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February 1990


Author Affiliations

Department of Dermatology Dennis P. West, MS, FCCP Departments of Pharmacy Practice & Dermatology University of Illinois 808 S Wood St Chicago, IL 60612

Department of Medicinal Chemistry and Pharmacognosy University of Illinois 833 S Wood St Chicago, IL 60612

Arch Dermatol. 1990;126(2):248. doi:10.1001/archderm.1990.01670260120030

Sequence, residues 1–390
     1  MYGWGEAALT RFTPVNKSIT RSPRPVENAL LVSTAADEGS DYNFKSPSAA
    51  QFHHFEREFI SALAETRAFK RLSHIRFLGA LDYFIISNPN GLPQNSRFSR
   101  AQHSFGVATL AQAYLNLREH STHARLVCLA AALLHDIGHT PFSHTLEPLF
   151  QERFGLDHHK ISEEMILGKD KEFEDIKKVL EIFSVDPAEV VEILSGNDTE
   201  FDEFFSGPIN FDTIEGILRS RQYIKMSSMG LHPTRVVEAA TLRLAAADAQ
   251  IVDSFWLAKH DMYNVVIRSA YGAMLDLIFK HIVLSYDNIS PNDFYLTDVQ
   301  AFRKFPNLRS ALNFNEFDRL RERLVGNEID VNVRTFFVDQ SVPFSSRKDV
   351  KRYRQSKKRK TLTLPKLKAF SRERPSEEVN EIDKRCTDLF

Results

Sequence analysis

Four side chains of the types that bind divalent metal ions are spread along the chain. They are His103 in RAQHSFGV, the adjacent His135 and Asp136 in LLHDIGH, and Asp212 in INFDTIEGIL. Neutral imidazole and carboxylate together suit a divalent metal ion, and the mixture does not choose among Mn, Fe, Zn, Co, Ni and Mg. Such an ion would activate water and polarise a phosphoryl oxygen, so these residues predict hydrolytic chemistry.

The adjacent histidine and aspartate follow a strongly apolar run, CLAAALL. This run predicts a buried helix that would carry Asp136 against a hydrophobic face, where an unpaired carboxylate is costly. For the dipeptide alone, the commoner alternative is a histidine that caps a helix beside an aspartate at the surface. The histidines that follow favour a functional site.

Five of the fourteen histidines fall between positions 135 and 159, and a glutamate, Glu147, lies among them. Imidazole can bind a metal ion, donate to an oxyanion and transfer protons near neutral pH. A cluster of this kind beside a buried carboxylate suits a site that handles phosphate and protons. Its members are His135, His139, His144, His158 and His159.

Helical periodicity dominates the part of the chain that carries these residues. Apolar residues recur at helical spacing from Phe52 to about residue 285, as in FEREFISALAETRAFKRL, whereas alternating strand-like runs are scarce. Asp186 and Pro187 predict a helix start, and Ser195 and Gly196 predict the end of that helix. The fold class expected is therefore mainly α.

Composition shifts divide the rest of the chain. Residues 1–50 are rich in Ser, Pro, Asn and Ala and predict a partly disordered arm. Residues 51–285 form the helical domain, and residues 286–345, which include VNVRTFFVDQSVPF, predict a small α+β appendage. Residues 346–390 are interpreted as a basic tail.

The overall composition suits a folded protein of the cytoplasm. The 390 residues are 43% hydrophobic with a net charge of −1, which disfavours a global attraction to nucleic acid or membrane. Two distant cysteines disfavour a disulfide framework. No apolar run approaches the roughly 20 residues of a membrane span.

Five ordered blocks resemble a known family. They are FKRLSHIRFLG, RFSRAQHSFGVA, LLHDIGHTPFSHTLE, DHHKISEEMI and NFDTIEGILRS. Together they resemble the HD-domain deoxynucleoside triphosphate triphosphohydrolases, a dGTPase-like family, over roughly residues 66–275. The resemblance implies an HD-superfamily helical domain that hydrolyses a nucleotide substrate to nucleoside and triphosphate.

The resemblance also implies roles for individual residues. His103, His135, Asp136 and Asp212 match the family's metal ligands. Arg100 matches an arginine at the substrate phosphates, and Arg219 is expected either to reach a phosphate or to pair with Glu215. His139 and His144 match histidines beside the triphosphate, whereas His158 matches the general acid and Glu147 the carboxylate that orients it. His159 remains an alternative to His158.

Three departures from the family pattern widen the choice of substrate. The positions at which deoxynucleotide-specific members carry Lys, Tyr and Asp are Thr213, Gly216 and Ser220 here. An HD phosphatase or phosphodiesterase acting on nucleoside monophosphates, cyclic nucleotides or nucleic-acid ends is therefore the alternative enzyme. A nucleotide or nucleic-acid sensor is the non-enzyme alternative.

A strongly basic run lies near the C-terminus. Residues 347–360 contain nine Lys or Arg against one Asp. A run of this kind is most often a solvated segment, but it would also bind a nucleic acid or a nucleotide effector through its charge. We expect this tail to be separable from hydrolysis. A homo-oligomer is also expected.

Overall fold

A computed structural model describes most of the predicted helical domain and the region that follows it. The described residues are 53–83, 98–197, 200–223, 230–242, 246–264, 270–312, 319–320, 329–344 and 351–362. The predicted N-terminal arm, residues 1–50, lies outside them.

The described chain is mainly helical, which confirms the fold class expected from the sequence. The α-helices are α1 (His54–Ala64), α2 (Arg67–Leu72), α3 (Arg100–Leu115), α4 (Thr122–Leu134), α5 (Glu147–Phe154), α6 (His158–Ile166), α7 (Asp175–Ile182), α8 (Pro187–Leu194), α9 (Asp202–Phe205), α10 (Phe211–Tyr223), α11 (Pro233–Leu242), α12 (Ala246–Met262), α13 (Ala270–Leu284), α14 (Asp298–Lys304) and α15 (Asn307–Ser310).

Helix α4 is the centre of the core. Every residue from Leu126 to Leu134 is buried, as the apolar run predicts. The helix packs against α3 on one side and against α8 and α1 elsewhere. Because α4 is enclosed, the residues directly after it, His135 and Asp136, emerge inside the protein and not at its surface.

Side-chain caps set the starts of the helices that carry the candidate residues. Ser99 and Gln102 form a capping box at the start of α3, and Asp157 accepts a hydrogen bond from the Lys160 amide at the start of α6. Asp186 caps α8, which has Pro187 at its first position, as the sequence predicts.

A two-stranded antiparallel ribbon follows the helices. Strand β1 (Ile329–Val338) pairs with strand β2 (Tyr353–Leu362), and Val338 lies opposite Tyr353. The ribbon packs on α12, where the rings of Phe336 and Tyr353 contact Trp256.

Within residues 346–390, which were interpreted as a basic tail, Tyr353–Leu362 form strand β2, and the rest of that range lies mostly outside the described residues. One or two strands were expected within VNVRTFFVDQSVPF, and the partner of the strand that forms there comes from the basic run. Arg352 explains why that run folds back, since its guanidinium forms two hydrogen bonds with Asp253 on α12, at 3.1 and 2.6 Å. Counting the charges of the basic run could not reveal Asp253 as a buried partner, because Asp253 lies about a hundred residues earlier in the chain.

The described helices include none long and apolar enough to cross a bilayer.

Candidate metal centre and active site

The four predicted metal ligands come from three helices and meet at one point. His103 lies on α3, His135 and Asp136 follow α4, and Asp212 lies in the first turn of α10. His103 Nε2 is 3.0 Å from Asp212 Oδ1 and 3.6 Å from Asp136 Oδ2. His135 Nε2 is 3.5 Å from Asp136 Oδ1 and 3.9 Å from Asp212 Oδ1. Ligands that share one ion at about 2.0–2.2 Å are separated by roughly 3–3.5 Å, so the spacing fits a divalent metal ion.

To the Editor.—  Further on the use of lindane as a pediculicide in humans. The letters of December 1988, from McIlreath and from Reed and Carnrick of Kwell fame, has convinced us that lindane in concentrations lower than the commercially available product is ineffective as a pediculicide. This adds to the increasing need to do away with this drug for the treatment of lice in humans.Lindane has long been known as a neurotoxin, which is also the basis of its effectiveness. Over the last 10 years, however, the mechanism by which this occurs has become understood. Lindane blocks the chloride ion channel by antagonizing γ-aminobutyric acid stimulation of chloride ion uptake through the channel complex of the benzodiazepine receptor. Its specificity for this activity is shown by the inactivity of the other isomers of lindane.1-3Kindling is a well accepted method for screening epileptogenic or convulsive compounds and

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